Final Thoughts
 
There’s so much variable factors in play for reits than many investors would have think of and it’s interesting to see how these matured market would play out this year, given the obvious macro-economic slowdown and a rising interest rate.
 
The devil is always in the details, and there would be even more opportunity in a weak environment we are in now.

Are you still eyeing Reits in this current environment?


8 comments:

  1. And some REITs have borrowing in currencies where borrowing costs probably won't increase... e.g. yen?

    ReplyDelete
    Replies
    1. Hi owq

      It's usually a natural hedge against their assets, so yeah a lot of reits are borrowing and reporting in the same currency.

      Delete
  2. REIT will probably be flat this year for the US market. With so many uncertainty, I think there won't be only 1 or 2 rate increase and 0.25 basic point which will not literally nothing to REIT's bottom line, but the uncertainty doesn't help the stock price as Wall street get spooked very easily.

    I might add more REITs. REITs isn't my favorite as the taxes structure is not favorable for retirees. Dividends from REITs are taxed at higher percentage.

    but I'm focusing on Energy. Iran is talking bold on increase supplies. they are after all the 2nd largest oil producer, their talk will have weight.

    ReplyDelete
    Replies
    1. Hi Vivianne

      I am actually buying reits which has a EUR exposure since they are still implementing the QE. US reits will likely underperform in the rising rate environment so I don't think it's a good risk reward play like you said.

      Delete
  3. Hi,
    REITs like the Suntec and Sabana are still quite safe as their book value is much higher than their share price. For the Suntec, it is about $2 while the share price is around $1.575 only; for the Sabana, the book value is around $1 but the share price is only $0.715. So my conclusion: buy low when the yield is high around 6-8% and yet the book value can hold. Imagine what will happen to Singapore economy when the Suntec is bankrupt? Do you think Singapore can still make it?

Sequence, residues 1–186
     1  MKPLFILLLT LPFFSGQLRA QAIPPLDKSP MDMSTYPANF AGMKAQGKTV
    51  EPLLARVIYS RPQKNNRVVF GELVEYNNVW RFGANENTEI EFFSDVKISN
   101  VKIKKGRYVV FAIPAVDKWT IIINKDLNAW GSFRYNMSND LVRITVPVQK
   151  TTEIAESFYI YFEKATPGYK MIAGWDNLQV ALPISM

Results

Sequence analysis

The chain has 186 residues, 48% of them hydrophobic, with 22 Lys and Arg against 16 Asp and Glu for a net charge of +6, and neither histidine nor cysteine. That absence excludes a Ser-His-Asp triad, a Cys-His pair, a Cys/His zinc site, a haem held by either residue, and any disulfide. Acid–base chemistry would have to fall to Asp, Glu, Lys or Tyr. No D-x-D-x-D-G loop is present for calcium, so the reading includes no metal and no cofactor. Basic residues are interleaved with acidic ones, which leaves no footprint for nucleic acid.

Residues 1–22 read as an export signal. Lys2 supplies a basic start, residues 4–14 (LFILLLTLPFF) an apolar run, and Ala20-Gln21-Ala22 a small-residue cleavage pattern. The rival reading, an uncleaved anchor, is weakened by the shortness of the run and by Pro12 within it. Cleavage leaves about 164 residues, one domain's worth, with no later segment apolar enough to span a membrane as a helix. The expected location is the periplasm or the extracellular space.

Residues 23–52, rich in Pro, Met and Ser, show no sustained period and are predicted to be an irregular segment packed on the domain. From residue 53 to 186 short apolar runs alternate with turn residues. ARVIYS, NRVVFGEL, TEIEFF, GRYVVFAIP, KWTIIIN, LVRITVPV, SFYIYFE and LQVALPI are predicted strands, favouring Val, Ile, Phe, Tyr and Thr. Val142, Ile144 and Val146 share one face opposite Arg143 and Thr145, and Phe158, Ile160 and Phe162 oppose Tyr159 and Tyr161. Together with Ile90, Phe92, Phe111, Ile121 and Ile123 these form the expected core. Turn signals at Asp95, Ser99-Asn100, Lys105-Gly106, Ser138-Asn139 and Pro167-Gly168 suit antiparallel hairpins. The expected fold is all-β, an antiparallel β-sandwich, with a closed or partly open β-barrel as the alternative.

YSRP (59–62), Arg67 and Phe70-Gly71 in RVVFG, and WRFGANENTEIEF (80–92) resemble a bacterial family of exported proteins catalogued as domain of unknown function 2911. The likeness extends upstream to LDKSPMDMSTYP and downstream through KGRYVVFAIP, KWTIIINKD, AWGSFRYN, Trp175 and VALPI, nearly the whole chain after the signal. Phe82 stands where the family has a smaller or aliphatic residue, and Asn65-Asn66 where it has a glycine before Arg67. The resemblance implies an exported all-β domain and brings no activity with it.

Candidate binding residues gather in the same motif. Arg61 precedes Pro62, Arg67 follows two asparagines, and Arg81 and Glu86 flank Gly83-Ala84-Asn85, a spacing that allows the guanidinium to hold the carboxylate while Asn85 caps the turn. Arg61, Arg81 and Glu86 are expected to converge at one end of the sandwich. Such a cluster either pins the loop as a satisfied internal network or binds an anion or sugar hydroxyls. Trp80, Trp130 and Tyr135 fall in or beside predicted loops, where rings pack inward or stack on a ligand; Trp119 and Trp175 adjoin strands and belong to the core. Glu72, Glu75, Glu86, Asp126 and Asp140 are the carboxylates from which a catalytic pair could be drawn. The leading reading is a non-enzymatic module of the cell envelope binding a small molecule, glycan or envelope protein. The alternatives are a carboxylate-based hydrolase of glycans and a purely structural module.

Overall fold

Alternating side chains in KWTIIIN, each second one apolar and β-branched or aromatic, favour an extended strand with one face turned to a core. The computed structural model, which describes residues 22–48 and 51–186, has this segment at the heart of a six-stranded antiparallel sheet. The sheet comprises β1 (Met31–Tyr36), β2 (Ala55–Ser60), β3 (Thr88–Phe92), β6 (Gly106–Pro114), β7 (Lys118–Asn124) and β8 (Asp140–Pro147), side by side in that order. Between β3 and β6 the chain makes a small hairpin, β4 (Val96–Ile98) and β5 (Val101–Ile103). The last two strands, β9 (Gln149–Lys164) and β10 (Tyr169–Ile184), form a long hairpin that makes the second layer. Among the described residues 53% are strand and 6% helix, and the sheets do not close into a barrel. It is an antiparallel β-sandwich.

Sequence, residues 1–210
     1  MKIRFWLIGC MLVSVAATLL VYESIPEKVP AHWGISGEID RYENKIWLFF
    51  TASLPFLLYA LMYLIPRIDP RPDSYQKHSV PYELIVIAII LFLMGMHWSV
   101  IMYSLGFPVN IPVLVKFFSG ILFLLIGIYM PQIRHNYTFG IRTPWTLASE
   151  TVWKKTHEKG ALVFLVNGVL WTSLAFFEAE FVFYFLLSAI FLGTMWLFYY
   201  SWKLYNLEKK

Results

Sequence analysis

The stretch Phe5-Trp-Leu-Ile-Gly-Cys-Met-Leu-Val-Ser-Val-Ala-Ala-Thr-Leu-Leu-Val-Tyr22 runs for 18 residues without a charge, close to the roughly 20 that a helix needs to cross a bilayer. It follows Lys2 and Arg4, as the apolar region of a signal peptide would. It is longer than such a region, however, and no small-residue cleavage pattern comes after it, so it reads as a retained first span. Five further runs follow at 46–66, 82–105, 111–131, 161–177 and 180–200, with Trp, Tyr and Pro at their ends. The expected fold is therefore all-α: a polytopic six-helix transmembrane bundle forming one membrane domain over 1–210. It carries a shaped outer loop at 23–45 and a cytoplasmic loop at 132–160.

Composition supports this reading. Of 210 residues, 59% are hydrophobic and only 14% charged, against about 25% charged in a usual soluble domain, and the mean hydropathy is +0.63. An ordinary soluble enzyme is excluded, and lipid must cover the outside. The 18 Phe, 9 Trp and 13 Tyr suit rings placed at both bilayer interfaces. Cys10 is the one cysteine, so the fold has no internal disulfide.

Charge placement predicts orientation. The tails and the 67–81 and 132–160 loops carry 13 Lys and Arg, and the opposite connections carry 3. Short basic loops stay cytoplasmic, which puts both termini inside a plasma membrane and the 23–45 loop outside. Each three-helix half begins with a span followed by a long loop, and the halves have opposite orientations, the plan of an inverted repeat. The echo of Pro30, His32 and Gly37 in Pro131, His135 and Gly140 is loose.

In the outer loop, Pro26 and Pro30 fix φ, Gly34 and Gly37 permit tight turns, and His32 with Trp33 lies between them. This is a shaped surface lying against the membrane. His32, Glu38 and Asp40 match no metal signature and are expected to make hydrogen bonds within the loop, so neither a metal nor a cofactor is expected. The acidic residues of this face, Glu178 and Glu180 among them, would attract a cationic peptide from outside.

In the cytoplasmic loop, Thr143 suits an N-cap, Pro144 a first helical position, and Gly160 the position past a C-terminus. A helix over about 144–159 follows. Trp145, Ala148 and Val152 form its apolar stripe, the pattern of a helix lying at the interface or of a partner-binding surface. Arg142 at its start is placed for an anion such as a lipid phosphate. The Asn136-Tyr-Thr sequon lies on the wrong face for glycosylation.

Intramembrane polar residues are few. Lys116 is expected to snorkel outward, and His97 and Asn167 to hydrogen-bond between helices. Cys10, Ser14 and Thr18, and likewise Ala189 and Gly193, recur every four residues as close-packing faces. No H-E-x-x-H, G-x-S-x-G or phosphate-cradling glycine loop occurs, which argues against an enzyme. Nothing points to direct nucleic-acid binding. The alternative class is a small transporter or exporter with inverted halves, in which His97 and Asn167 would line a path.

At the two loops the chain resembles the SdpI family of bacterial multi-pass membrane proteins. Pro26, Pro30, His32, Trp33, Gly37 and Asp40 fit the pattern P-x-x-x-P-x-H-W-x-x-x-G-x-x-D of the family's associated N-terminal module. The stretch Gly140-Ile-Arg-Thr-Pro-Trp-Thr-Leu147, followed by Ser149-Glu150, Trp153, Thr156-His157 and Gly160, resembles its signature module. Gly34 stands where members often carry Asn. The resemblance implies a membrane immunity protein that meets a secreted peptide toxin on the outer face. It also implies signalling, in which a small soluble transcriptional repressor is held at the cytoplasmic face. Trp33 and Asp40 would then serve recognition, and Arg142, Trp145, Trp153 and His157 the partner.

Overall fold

Moreover at this low price, who knows? May be some funds will just take over since they are buying at a discount and still have rental coming in at this volatile time.
    Just my 2 cents' worth and thanks for reading!

    ReplyDelete
    Replies
    1. Hi Anonymous

      That's a very simplistic way of looking at it to be honest but I wouldn't count on that. Book value can get devalued during poor economy times so your price to book value can shoot up if that happens.

      You asked what can happen to Singapore economy if Suntec is banktrupt. The same question I can ask about banks, telcos, commodities, manufacturing and in fact a lot more companies. But as long as Lehman can collapse, anything can collapse. Don't count your money on it.

      Delete
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    ReplyDelete
  5. Hi B,
    Most REITs have taken measures against Fed Interest Rate Hike.

    ReplyDelete